Fri Sep 04, 2020 5:26 pm

DP
Last edited by webeleafowners on Fri Sep 04, 2020 5:51 pm, edited 2 times in total.
2020 Model 3 Tesla. AWD with FSD. Deep metallic blue. Our daily driver.
2016 Nissan Leaf SV 30KWh Culis Red. Sold. Was my daily driver. Loved that car.
EV only Family...well except for the big diesel motorhome. :shock:

webeleafowners
Posts: 1150
Joined: Mon Oct 05, 2015 5:37 pm
Delivery Date: 06 Oct 2015
Location: Okanagan Valley British Columbia

Re: Official Tesla Model 3 thread

Fri Sep 04, 2020 5:50 pm

DougWantsALeaf wrote:
Fri Sep 04, 2020 11:50 am
Ok, I know I am asking for some potentially firey responses here, but what do the Tesla drivers here think of consuner reports review of full selfdriving? Does this reflect your experience? I only know of propilot and its limited use cases.

https://youtu.be/IQOf_F6hibk
I watched the video. It’s fair.

I can’t speak to the summons feature as we are almost never in a private lot and have only used for entertainment purposes.

Auto parking seems fine although I almost always park so far away that there is never anyone around us, so very little use.

Dumb summons is occasionally useful for us when we have projects in the garage and it’s easier to just back the car out from outside. Used it maybe half dozen times. Works well.

We drive 90 percent of our miles on Autopilot just for the added layer of safety. The car sees things I don’t occasionally, and vice versa as well. It’s a level 2 system so needs to be monitored. It however has never missed a stop sign or stop light and has on one occasion stopped at a stop sign I didn’t see. (A temporary stop sign in a campground).

We both use the lane change feature 100 percent of the time. Just another level of safety.

The actual navigate on autopilot (where it takes your exits for you etc) only works on interstate/freeway type roads which are rare where we are so I have limited experience with that. It did navigate me out of Vancouver once...which was cool because I don’t know those interchanges well.

Auto steer works...ok. With the following notations.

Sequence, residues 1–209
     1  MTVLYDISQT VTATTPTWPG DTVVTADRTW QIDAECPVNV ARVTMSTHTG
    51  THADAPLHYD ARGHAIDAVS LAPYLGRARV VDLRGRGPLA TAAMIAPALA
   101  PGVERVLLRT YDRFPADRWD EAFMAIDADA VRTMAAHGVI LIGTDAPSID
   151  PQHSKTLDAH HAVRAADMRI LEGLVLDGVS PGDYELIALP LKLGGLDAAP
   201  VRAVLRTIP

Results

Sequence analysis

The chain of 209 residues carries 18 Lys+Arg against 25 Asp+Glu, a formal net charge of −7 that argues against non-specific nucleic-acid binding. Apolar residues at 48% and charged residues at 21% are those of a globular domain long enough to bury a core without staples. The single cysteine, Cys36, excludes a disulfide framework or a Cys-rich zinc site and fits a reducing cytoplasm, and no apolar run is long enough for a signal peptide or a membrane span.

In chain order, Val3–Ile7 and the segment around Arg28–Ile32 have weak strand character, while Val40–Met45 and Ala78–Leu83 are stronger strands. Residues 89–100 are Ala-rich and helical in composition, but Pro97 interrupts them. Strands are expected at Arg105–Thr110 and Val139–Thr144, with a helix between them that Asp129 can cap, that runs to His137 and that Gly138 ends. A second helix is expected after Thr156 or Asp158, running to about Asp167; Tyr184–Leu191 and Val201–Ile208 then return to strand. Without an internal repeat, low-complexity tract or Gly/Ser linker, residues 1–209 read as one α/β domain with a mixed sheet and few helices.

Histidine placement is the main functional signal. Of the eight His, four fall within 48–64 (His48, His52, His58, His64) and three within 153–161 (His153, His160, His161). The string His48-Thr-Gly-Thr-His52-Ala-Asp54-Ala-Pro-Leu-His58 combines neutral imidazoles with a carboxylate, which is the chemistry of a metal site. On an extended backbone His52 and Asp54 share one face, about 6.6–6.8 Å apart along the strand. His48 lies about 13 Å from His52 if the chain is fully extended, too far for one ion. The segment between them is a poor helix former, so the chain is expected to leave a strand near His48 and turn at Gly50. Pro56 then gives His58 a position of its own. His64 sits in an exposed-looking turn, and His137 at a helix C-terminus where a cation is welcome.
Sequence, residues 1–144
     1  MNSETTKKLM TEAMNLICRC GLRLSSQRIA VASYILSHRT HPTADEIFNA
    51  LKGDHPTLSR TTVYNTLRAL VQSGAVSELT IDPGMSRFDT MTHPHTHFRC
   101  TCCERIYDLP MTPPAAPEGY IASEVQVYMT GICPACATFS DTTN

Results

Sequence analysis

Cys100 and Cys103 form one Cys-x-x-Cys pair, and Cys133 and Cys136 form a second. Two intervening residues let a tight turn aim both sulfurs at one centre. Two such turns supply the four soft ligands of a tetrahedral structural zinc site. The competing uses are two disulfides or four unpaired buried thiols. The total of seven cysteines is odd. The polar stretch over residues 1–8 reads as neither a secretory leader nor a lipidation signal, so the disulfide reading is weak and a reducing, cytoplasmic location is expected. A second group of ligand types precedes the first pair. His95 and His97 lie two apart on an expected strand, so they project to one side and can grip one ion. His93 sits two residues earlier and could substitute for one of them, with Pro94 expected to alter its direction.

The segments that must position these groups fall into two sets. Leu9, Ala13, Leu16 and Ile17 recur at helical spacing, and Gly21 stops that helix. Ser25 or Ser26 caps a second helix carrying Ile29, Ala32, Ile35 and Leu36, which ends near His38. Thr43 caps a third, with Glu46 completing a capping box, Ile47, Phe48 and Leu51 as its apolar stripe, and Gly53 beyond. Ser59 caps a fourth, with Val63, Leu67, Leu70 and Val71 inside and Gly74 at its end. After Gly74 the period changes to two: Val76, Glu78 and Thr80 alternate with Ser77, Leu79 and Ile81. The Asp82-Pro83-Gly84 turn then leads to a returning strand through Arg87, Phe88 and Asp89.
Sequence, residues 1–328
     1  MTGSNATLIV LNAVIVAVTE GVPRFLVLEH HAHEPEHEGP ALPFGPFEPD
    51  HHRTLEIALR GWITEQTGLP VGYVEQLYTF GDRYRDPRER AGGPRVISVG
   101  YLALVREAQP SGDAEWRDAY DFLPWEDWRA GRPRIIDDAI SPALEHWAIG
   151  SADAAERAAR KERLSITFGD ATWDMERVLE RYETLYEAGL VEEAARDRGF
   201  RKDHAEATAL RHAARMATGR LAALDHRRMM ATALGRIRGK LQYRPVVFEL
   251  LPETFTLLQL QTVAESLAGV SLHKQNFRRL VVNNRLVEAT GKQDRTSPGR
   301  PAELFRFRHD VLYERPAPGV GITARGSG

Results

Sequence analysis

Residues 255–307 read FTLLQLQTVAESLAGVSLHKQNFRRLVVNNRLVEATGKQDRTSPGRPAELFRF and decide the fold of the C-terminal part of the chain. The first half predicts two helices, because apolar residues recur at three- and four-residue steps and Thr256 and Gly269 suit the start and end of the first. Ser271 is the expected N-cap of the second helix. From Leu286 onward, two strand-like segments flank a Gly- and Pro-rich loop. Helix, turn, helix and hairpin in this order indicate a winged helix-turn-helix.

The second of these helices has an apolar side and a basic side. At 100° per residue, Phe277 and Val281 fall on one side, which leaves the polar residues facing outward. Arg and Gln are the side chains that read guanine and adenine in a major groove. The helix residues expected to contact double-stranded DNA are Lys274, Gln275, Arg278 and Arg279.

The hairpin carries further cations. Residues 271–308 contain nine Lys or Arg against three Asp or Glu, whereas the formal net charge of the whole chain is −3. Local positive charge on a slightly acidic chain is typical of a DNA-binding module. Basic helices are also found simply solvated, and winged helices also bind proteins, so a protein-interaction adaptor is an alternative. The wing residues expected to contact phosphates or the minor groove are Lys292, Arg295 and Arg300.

- it takes some corners too fast (pucker factor)
- it takes some corners too slow (piss off people behind me)
- occasional phantom braking is a thing...including a Boston pizza sign it thinks is a stop sign
- it occasionally stops at certain railway crossings and crosswalks even when the lights are not flashing.
-although the latest software update is supposed to fix this speed limits are not accurately tracked and one must pay attention. We don’t have the latest software yet but it will probably come down in the next week.
-One is supposed to disable auto steer around bikes. We do but occasionally forget. When you forget it gets super cautious around bikes on secondary highways and will brake fairly hard to reduce speed when going past them. It will not veer over the centre line to give them more space (because I think that would be illegal). I actually do veer over the centre line (if there is no traffic coming). If there is traffic coming I also slow down just like it does, so maybe it’s not so bad after all. But then again, as per instructions, you are supposed to disengage Autopilot when passing bikes.

On main highways (double lane each direction etc) one can go an hour at a time and never intervene. Very pleasant. On twisty turny two lane secondary highways one can expect multiple interventions in an hour. I still prefer it on over off on these types of roads. Lane discipline, distance keeping, avoiding speeding tickets etc.

It has improved since we got the car, and the car has a lot more features which just keep coming every 3 or 4 weeks. Don’t like your Tesla? Wait three weeks. It’ll change. :)

Gotta run. No time to check spelling. :).

On edit. Had to put this up. We had to take a picture of this stupid sign when the car saw it and we didn't. We own a private lot in this campground and have for about 17 years. We drive it once a week as we cut the grass on our lot etc. Complacency I suppose but we never saw this stupid sign. At least Jarvis (name of wifes car) was on the ball. We were trying to figure out why the car was stopping, then saw the sign. Kind of funny at the time. We had it on TACC (adaptive cruise) not autosteer but those features are still active on TACC. Yes the sign is on a pole welded to a wheel. Stupid sign (in my best Homer simpson voice) :)

Image
2020 Model 3 Tesla. AWD with FSD. Deep metallic blue. Our daily driver.
2016 Nissan Leaf SV 30KWh Culis Red. Sold. Was my daily driver. Loved that car.
EV only Family...well except for the big diesel motorhome. :shock: